The start of the day saw Joe Root (above) join Zak Crawley in making a Test century
What has never been in doubt is the quality of Root and now he set more records with his 24th Test century, moving above Kevin Pietersen, and his 13th as captain, one more than Alastair Cook’s previous best tally. And this time he celebrated by kissing a necklace made for him by his children, just as he told his son Alfie he would.
It came in a first session of welcome entertainment from England, led by a cameo of 37 from Dan Lawrence, who also did himself some good with four fours and a six, all made with his trademark flamboyant unorthodoxy.
But England got ahead of themselves a little when they lost four wickets in five overs and Jonny Bairstow and Chris Woakes had to regroup before Root decided, with 300 plus on the board for the second time in the Test, he had enough even on this dead pitch.
It was a declaration in contrast to the lack of enterprise at the start of last summer that set the tone for much of what has followed, England making no attempt to chase 273 in 75 overs against New Zealand at Lord’s.
And it could have been an inspired one had England reviewed a not out lbw shout against Jason Holder which technology showed would have hit the stumps.
Root declared 20 minutes before lunch, a bold call without Mark Wood (above) being able to help
If West Indies had lost the giant Holder then, with West Indies on 89 for four, who knows what might have happened. But it was to prove England’s last hope as Holder and Bonner held firm. Honours even ahead of Wednesday’s second Test in Barbados but it is England who will have more of a spring in their step against most expectations.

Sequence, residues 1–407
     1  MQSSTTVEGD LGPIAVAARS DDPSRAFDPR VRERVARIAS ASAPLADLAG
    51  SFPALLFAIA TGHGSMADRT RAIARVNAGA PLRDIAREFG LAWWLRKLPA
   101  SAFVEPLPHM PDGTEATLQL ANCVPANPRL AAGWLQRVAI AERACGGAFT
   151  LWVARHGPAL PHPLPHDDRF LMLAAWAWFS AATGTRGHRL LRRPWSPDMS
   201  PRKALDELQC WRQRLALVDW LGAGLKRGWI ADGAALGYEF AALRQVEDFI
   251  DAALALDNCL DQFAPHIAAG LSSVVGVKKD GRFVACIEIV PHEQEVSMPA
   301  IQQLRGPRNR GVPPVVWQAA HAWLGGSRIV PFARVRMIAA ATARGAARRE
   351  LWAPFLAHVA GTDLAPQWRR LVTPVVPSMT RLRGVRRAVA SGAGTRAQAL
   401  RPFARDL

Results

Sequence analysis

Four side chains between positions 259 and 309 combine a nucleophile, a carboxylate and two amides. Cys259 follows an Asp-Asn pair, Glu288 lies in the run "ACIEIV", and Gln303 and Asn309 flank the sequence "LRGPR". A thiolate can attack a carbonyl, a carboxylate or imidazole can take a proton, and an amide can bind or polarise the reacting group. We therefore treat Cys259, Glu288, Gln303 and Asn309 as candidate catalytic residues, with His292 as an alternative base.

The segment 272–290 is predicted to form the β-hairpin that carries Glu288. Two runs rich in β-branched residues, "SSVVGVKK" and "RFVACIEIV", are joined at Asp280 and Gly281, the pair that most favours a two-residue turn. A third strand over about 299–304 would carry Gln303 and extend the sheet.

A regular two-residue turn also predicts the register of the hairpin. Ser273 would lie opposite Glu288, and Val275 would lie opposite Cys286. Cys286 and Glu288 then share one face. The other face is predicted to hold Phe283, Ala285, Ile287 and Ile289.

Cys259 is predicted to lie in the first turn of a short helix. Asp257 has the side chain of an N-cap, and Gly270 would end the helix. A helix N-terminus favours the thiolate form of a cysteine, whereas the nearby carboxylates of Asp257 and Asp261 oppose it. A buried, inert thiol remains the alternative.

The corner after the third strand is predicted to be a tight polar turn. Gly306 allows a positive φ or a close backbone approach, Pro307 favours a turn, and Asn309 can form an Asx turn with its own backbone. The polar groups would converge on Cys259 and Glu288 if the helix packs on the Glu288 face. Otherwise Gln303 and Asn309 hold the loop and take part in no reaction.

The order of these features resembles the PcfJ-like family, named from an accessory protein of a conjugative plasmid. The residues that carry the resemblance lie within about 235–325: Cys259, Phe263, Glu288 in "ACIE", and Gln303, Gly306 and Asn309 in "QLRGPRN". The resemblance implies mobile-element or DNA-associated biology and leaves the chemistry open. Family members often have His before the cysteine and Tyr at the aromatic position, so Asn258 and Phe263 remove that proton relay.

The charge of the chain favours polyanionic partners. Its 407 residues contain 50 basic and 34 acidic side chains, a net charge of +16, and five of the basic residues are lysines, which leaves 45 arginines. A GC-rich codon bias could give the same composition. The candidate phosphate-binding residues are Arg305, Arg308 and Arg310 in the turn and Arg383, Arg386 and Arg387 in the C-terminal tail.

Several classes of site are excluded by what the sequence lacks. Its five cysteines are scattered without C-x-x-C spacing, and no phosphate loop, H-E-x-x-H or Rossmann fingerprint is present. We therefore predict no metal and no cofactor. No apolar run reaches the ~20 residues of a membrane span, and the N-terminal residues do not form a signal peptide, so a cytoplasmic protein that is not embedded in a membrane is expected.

The mood of optimism at the end of this long all too often dull Test was only punctured by the injury to Wood that seems certain to rule him out of the rest of this series and quite possibly beyond to his £735,000 IPL contract with Lucknow Super Giants.
Wood reported ‘acute pain’ when he tried to bowl before play on Saturday and now joins the other bowlers of extreme pace in Jofra Archer and Olly Stone England had hoped would win them the Ashes on the casualty list.
England chose not to review a not out lbw shout against Jason Holder which technology showed would have hit the stumps
And it is no great surprise as this is his fifth Test of the winter and he bowled more than perhaps was wise after the Ashes were lost in Australia.
England were encouraged by the sight of Ollie Robinson bowling at full pace in the middle during lunch and tea on Saturday but it could be that Saqib Mahmood, the nearest to Wood in this squad in terms of skiddy pace and reverse swing, makes his Test debut on Wednesday.
Liam Norwell of Warwickshire is the favourite should England send for a replacement, with neither Anderson nor Broad on stand-by.
The absence of the big two will continue to cast a cloud over England as they seek to start again here. But for now at least they provided something else to talk about.